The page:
• Rod Kackley

Serve the Heart with Fried Potatoes: A Shocking True Crime Story

Maybe Leon Pye was worried when he heard a knock at the door of his Chickasha, Oklahoma, home.

"Who's that?" Leon probably said to his wife, Delsei.

She might have shrugged and held their granddaughter, Kaeos Yates, a bit tighter, a little closer.

After all, nobody got many unexpected visitors these days, what, with the pandemic and its lockdowns. Everybody stayed closed to their knitting.

But, still, it would be worse than impolite to just leave whoever was out there, out there. So, Leon slowly opened the door.

And he had to be shocked when he realized who'd come knocking.

It was none other than his forty-two-year-old nephew, Lawrence Paul Anderson.

"Lawrence, how'd you get out of prison?"

Last Leon had heard, Lawrence was doing a twenty-year sentence for a drug conviction and other related crimes. No surprise to anyone who'd taken the time to read Lawrence's rap sheet. And then there were Lawrence's mental health problems.

Leon looked back over his shoulder at Delsei. Both of them just smelled trouble brewing.

After all, how the hell could Lawrence be standing on their porch? Wasn't the system supposed to tell the Pye's when Lawrence got out, so they'd be ready for the trouble that just naturally came with somebody who naturally got into trouble?

Well, nobody had bothered to tell Leon and Delsei anything.

Leon would have raised his eyebrows, at once asking Delsei what he should do and then inquiring if it would be okay to slam the door and send his nephew away.

The answers to both the former and the latter were obvious.

Still, it wasn't an easy decision to allow Lawrence inside.

Leon had half a mind to close the door in Lawrence's face and leave him out on the porch. But Lawrence was family, and anyone who knew the man's history would know that he wouldn't take that kind of insult very well at all.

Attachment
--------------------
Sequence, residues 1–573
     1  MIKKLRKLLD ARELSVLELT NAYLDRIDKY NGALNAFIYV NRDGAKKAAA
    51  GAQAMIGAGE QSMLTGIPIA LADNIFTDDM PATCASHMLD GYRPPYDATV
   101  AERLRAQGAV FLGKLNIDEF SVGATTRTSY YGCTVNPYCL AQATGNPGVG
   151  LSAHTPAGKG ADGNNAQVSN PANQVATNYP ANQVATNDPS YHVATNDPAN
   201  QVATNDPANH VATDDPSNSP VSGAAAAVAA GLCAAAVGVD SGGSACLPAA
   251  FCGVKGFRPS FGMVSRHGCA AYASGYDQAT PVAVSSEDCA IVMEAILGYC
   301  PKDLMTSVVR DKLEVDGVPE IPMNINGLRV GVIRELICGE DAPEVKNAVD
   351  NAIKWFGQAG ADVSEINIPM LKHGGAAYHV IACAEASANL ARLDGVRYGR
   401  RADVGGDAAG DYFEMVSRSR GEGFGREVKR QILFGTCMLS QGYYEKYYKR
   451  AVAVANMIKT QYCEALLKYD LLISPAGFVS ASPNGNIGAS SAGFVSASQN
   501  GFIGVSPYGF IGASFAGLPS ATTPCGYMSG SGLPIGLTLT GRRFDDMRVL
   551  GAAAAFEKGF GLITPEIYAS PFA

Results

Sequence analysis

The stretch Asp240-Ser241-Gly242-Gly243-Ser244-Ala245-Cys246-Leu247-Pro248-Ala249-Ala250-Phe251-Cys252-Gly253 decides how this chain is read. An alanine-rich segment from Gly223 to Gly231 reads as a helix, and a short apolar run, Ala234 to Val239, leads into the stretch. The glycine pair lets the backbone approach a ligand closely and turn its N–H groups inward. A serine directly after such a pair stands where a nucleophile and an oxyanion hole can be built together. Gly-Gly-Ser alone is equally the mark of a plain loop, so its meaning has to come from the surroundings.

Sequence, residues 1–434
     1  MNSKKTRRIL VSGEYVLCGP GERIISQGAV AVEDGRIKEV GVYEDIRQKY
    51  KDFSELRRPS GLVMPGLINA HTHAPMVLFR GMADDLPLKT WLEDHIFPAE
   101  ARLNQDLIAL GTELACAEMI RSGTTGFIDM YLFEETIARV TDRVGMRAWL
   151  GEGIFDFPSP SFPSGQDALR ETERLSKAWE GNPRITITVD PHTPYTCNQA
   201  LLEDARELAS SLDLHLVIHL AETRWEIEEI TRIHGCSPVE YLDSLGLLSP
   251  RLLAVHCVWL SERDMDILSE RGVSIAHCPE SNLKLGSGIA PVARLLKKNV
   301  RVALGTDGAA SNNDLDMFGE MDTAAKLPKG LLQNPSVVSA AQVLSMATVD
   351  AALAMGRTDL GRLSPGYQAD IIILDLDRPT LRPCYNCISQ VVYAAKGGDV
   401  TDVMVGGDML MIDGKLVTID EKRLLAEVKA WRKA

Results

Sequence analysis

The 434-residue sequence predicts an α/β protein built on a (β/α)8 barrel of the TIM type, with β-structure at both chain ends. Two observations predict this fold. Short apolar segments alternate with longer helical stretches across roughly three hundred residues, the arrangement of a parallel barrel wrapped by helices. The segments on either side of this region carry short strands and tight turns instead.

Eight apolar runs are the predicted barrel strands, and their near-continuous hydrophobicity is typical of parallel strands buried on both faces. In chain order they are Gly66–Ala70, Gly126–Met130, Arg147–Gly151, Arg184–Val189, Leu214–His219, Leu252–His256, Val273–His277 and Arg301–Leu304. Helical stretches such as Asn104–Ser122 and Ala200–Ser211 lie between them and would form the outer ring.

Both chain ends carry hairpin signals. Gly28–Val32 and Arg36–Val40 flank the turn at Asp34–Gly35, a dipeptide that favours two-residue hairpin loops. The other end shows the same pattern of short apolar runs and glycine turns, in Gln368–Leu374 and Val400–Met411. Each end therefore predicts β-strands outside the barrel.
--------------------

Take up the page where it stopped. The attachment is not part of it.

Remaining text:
So Leon decided to welcome Lawrence inside. He reached out to shake his hand and only then noticed what Lawrence was carrying.

God only knew how he came by it, but it didn't take a doctor to realize that Lawrence was carrying a human heart that was dripping blood, and God knows what else on the porch.

Lawrence pushed by Leon and went right to the kitchen. Dropped the heart in a pot, Lawrence did, then pulled out a pan. He sliced up some potatoes, threw some oil into the pan, and fried up some potatoes.

In the pot, he cooked the human heart.

When it was finished, Lawrence told Leon, Delsei, and four-year-old Kaeos it was time to eat.

"Absolutely not," Leon probably said as forcefully as possible. He would have pointed at the meal, at the boiled heart, and said, "There's no way we are going to sit down at the table with this."

The child had to be scared out of her mind, clinging to Delsei.

"You will eat this,' Lawrence demanded. "It's the only way to release the demons!"

He'd brought a sharp carving knife with him from the kitchen.

Not long after dinner was served, a 911 dispatcher answered a call for help from the Pye family home. The caller only said someone needed help, then ended the conversation with a click.

Police responded, of course, and went inside Leon's house. There, they found a home bathed in blood.

Leon and little Kaeos were down on the floor. Both would soon die. Delsei was grievously injured. Stabbed in both eyes.

She'd survive.

Lawrence was arrested and charged with a triple-homicide. Simple math. Leon and Kaeos were dead, as was Leon's next-door neighbor, Andrea Lynn Blankenship.

Turns out Lawrence had bashed his way into her house, using his shoulder as a battering ram on the frightened woman's front door.

Once inside, he didn't waste a moment. Lawrence grabbed a knife, used it to slice into her chest. Then he ripped her rib cage apart and cut out Andrea's heart.

Police found her body after Lawrence explained what had happened.

During his video arraignment, Feb. 23, 2021, Lawrence pleaded with Judge Regina Lowe, "Oh God, I don't want no bail, your honor. I don't want no bail."

Well, he got what he wanted. No bail.

Lawrence is awaiting trial now, as this story was written.

As for the question of how Lawrence got out of prison, well, it turns out it was a legal escape. A judge commuted his sentence.

Plenty of people in Oklahoma were outraged by that, including Grady County District Attorney Jason Hicks.

"We have seen 'criminal justice reform' in the state of Oklahoma now for several years," Hicks told reporters after filing charges against Lawrence.

"We have put politics and releasing inmates in front of public safety. The goal that we have set in Oklahoma is to decrease the prison population with no thought for public safety," Hicks added.

"And that's not fair."

Friends don’t kill friends, do they?

Two eighteen-year-old women go out for a night of cruising and partying in Saskatoon, Saskatchewan, Canada.

Only one returns home.

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